The Shrine of Remembrance, located in Kings Domain on St Kilda Road, Melbourne, Australia was built as a memorial to the men and women of Victoria who served in World War I and is now a memorial to all Australians who have served in war. It is a site of annual observances of ANZAC Day (25 April) and Remembrance Day (11 November) and is one of the largest war memorials in Australia.
Designed by architects Phillip Hudson and James Wardrop who were both World War I veterans, the Shrine is in a classical style, being based on the Tomb of Mausolus at Halicarnassus and the Parthenon in Athens.1 Built from Tynong granite,2 the Shrine originally consisted only of the central sanctuary surrounded by the ambulatory. The sanctuary contains the marble Stone of Remembrance, upon which is engraved the words “Greater love hath no man”. Once a year, on 11 November at 11 a.m. (Remembrance Day), a ray of sunlight shines through an aperture in the roof to light up the word “Love” in the inscription. Beneath the sanctuary lies the crypt, which contains a bronze statue of a soldier father and son, and panels listing every unit of the Australian Imperial Force. In 2002-2003 a Visitor Centre was built within the foundations of the Shrine. The visitor centre incorporates an education centre (including three classrooms and meeting room), an audio-visual centre, gallery space, a retail shop and an administration office, as well the Hall of Columns (in which the Changi Flag is on display) Gallery of Medals, entry courtyard and Remembrance Garden. The walls of both the entry courtyard and Remembrance Garden have been built to complement the Ray of Light ceremony that takes place on 11 November of every year.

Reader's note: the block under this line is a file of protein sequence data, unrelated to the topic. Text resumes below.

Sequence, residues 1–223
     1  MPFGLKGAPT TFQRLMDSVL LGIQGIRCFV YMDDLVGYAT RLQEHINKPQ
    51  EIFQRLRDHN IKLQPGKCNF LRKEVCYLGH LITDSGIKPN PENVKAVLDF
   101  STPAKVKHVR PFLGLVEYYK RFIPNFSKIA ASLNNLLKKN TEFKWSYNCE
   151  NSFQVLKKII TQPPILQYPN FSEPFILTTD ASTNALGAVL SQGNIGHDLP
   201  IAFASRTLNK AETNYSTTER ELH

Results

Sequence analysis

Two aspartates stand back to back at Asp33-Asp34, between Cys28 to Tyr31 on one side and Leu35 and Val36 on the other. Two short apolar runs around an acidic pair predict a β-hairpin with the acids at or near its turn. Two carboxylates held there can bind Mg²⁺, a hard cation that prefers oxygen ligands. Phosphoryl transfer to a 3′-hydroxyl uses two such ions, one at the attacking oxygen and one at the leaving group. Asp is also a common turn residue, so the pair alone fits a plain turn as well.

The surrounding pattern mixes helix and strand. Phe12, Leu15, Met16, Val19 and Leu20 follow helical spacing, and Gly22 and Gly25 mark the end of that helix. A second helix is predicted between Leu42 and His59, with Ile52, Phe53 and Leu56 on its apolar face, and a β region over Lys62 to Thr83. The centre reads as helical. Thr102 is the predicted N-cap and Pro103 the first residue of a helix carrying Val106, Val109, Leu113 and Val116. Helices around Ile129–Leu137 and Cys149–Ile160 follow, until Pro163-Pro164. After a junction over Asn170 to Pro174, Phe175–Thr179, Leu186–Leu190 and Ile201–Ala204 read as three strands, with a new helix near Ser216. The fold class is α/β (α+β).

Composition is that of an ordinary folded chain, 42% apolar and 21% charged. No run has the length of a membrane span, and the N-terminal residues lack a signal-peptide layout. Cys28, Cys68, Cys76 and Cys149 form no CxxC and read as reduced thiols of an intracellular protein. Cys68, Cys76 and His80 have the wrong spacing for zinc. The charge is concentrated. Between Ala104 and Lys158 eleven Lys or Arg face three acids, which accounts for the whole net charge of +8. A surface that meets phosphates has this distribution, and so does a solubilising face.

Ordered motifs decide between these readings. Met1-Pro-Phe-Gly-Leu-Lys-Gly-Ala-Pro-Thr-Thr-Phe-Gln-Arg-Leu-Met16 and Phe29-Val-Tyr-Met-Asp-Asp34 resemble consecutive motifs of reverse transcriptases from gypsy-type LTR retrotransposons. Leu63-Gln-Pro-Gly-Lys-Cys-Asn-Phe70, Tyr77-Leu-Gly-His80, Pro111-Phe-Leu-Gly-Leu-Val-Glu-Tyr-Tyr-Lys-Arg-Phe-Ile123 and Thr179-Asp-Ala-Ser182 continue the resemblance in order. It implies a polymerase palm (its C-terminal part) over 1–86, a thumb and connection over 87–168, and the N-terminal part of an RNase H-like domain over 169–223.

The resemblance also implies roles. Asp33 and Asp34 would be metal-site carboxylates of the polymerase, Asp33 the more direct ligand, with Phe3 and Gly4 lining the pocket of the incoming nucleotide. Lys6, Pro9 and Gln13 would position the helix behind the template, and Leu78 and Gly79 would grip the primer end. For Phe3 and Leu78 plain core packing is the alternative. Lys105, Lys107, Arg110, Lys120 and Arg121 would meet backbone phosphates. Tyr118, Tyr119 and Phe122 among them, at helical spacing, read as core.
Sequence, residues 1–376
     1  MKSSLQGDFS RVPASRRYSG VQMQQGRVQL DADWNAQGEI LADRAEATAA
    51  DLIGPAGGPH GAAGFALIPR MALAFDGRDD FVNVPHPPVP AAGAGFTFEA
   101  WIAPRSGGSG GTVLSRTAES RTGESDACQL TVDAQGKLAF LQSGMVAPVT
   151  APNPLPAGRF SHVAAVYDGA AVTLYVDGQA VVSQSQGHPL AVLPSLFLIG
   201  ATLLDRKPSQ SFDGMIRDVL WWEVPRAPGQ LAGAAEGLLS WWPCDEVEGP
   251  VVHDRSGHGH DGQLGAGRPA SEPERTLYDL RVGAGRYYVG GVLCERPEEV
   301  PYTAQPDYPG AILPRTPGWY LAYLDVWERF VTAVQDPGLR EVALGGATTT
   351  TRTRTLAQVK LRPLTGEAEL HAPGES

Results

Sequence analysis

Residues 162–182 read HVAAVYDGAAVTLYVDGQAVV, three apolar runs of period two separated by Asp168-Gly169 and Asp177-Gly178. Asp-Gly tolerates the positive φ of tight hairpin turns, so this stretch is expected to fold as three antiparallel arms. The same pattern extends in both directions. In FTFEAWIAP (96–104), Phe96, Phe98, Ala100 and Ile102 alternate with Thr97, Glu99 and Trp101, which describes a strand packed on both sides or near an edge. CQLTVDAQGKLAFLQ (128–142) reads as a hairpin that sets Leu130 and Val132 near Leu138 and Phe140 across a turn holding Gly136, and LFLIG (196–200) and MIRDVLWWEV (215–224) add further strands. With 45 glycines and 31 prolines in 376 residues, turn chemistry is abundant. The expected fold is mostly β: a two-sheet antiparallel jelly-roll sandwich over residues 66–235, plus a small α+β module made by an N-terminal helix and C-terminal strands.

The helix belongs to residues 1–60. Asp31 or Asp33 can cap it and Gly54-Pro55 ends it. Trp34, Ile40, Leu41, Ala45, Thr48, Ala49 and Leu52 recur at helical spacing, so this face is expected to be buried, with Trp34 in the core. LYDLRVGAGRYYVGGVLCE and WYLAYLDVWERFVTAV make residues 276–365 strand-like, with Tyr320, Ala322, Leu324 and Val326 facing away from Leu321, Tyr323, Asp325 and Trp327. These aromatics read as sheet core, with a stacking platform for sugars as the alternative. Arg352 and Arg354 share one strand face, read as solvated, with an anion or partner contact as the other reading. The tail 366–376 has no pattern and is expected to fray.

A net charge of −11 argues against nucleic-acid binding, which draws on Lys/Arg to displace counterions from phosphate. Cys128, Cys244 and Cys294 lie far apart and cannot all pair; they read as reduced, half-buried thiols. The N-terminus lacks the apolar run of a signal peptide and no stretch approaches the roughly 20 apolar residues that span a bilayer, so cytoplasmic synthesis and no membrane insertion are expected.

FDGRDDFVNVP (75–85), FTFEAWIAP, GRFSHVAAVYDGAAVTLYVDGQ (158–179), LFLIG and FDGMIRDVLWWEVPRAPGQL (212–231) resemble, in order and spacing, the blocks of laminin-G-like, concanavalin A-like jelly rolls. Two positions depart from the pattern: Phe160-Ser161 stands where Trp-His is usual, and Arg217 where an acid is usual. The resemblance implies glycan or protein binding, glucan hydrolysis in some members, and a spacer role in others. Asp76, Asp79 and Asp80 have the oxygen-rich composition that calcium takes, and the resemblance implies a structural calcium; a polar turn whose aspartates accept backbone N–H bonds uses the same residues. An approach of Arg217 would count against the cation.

The Shrine went through a prolonged process of development which began in 1918 with the initial proposal to build a Victorian memorial. Two committees were formed, the second of which ran a competition for the memorial’s design. The winner was announced in 1922.3 However, opposition to the proposal (led by Keith Murdoch and The Herald) forced the governments of the day to rethink the design, and a number of alternatives were proposed, the most significant of which was the ANZAC Square and cenotaph proposal of 1926. In response, General Sir John Monash used the 1927 ANZAC Day march to garner support for the Shrine, and finally won the support of the Victorian government later that year. The foundation stone was laid on 11 November 1927, and the Shrine was officially dedicated on 11 November 1934.
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